Since Aesop’s fable “the Four Oxens and the Lion,” the idea that there is strength in numbers is common sense. This is also a leitmotiv in many discourses on European integration, notably in idea that the European states needs to “speak with one voice” in global settings, that some issues such as the environment are best dealt through cross-state cooperation to avoid a “tragedy of the commons”, or that de jure “unity in diversity” is a positive sum game.
EU scholars have long exposed a much more complex reality. Legally. Differentiated political integration is a historical fact: “à la carte” Schengen, euro opt-outs, multi-speed Europe after enlargement. Socioeconomically, disparities among member states and their populations remain high despite common policy frameworks and anti-EU parties exploit the notion that only some Europeans benefit from integration processes. Diplomatically. Member states sometimes sing different tunes just as in the Eurovision contest. We have observed it in 2018 with the debate on the GAFAM and proposals to tax the US IT giants. Concomitantly, there has been resistance from EU subnational and/or civil society actors to EU agreements with third states with the CETA or with Turkey regarding migration. The question is thus how to best address external challenges given tensions and contradictions within the EU.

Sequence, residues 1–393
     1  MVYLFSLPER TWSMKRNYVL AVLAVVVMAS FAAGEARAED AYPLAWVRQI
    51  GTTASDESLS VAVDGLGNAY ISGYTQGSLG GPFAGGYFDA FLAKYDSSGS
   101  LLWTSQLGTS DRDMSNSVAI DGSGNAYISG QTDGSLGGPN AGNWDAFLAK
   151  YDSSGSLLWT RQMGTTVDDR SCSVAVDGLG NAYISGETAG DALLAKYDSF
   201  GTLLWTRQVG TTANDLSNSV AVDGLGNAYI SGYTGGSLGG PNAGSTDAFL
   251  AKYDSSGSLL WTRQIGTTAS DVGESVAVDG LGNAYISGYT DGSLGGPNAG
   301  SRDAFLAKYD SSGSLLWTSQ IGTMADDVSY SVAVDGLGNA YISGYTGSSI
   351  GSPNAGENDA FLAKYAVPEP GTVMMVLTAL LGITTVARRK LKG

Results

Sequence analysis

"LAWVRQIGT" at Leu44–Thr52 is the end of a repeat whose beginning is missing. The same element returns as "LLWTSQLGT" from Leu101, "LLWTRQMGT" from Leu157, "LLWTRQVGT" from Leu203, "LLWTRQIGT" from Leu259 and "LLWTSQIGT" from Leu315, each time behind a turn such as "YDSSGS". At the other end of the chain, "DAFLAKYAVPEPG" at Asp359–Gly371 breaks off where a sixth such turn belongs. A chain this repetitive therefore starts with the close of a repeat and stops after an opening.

This roundtable brings together three prominent speakers whose diagnostic of the situation will help us assess what is both desirable and feasible :
- Enrico Letta, President of the Jacques Delors Institute and Dean of the Paris School of International Affairs (PSIA) at Sciences Po.
- Heather Grabbe, Director of the Open Society European Policy Institute and Director of EU Affairs.
- Renaud Dehousse, President of the European University Institute in Florence
The roundtable is introduced by Frédéric Mion, Director of Sciences Po, and chaired by Virginie Guiraudon, Sciences Po, CEE, CNRS, the conference academic convenor.